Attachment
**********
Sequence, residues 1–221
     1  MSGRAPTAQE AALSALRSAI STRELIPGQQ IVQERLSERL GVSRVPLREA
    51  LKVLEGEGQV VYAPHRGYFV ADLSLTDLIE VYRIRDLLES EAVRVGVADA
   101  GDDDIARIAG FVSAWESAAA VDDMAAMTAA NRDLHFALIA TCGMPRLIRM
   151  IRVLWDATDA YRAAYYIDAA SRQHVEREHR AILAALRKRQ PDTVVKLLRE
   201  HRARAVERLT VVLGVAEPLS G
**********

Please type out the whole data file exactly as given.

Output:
Sequence, residues 1–221
     1  MSGRAPTAQE AALSALRSAI STRELIPGQQ IVQERLSERL GVSRVPLREA
    51  LKVLEGEGQV VYAPHRGYFV ADLSLTDLIE VYRIRDLLES EAVRVGVADA
   101  GDDDIARIAG FVSAWESAAA VDDMAAMTAA NRDLHFALIA TCGMPRLIRM
   151  IRVLWDATDA YRAAYYIDAA SRQHVEREHR AILAALRKRQ PDTVVKLLRE
   201  HRARAVERLT VVLGVAEPLS G